According to a tip from an Intel employee, Intel's first discrete graphics card for gamers could be available soon.

Pete Brubaker, Intel's game development relationship specialist, tweeted a new job posting at Intel announcing an upcoming DG2 release. The position is for a Senior Game Developer Relations Engineer who will work with game developers around the world to develop the technology that makes video games possible.

Though the job ad doesn't specifically state it, Brubaker's tweet makes things clear: Intel is stepping into the PC gaming avid area, and is soon to be.

Work With Us At Intel! DG2 is just around the corner, it's going to be exciting. Http://

– Pete Brubaker (@pbrubaker) May 6, 2021

The DG2 family of graphics cards will reportedly compete with the best graphics cards from AMD and Nvidia. Although we have known for some time that the range of products will be available in 2021, Brubaker's tweet suggests that the launch may be closer than expected.

Recent rumors have been that the Xe HPG discrete graphics card supports ray tracing and a supersampling technique similar to Nvidia's Deep Learning Super Sampling (DLSS). With the PlayStation 5 and Xbox Series X supporting ray tracing, as well as the latest GPUs from Nvidia and AMD, this seems like a must-have if Intel is serious about competing with the front runners. However, having a DLSS-like feature would give Intel a competitive edge as AMD continues to hold back from releasing its Super Resolution feature.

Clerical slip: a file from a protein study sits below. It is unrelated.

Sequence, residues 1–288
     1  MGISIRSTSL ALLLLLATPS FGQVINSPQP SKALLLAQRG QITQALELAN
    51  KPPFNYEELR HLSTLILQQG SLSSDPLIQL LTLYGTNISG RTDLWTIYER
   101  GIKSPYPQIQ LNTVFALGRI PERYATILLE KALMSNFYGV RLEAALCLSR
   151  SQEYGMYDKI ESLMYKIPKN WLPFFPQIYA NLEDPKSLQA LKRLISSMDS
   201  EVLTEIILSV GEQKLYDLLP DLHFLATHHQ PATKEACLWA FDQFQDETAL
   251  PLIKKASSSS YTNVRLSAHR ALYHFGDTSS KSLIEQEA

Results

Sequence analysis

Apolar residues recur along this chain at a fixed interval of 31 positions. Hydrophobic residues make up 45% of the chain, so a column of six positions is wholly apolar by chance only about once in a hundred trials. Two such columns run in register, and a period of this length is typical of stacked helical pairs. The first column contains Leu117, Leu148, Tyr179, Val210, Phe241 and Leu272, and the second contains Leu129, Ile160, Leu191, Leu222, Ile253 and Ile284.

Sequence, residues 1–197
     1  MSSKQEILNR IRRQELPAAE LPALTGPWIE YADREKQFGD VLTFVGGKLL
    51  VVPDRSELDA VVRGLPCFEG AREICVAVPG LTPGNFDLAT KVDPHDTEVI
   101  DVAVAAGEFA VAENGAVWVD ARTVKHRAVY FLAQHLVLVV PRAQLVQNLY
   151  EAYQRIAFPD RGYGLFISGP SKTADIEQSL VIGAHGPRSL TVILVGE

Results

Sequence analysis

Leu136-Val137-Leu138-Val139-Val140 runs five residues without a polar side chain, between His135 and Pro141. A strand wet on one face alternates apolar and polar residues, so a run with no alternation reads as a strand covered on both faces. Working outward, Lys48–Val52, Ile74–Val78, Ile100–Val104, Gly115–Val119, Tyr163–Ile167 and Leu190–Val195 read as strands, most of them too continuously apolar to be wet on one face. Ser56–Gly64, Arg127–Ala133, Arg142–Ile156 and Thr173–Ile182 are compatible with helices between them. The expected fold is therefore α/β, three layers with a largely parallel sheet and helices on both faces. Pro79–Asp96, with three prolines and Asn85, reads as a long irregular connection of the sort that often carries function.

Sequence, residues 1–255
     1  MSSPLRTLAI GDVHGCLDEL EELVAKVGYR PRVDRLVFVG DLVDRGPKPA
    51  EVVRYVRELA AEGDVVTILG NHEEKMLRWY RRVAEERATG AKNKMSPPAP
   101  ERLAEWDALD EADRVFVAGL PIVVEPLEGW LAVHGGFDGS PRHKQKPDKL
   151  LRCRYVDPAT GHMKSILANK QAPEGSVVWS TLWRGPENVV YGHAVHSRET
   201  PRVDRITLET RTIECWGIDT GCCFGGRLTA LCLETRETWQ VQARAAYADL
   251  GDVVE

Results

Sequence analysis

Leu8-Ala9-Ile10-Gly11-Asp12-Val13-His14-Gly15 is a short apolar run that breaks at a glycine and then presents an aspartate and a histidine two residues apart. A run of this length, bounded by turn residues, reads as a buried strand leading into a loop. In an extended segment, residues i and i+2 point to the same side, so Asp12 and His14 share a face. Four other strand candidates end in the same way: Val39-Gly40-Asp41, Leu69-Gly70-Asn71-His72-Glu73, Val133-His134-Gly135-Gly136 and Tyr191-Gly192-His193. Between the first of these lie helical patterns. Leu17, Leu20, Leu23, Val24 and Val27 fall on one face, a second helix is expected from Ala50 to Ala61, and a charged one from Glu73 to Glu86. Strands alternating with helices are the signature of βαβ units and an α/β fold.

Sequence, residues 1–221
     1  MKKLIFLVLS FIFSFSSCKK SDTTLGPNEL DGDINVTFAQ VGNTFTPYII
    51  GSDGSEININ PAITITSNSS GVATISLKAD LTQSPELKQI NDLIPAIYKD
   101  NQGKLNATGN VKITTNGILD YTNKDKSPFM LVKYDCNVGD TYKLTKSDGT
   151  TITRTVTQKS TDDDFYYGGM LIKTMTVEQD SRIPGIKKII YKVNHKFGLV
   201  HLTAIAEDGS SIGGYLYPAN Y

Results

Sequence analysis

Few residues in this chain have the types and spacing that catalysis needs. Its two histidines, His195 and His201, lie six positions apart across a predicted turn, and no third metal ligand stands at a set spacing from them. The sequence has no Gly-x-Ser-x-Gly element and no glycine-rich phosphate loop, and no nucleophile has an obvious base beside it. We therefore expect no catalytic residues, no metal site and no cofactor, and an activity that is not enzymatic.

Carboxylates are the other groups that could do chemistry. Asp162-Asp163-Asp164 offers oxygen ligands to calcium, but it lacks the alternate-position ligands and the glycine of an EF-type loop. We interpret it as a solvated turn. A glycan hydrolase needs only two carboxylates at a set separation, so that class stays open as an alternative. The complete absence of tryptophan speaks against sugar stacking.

An April leak showed that the Xe HPG graphics card is based on a 6 nm manufacturing process, which should offer an increase in performance with lower power requirements compared to the 8 nm process of the RTX 3080. Due to the leak, the performance of the flagship card is between an RTX 3070 and 3080. The card is said to be supplied with 16 GB of GDDR6 video memory, a clock rate of 2.2 GHz and a TDP of 275 W.

This information is useful. Former Intel CEO Bob Swan said, "This product will bring our discrete graphics capabilities to the enthusiast segment." Intel's Xe graphics solutions have been impressive so far. 11th generation Tiger Lake processors deliver unmatched gaming performance for integrated graphics. DG2, however, is aimed at the highly competitive enthusiasts.

If the leaks and rumors are true, Intel could emerge as a major force in the GPU market. Fortunately, we don't have to wait long. Despite rumors that DG2 could be delayed until 2022 or even beyond, Intel's first gaming graphics card may roll out sooner than we thought.

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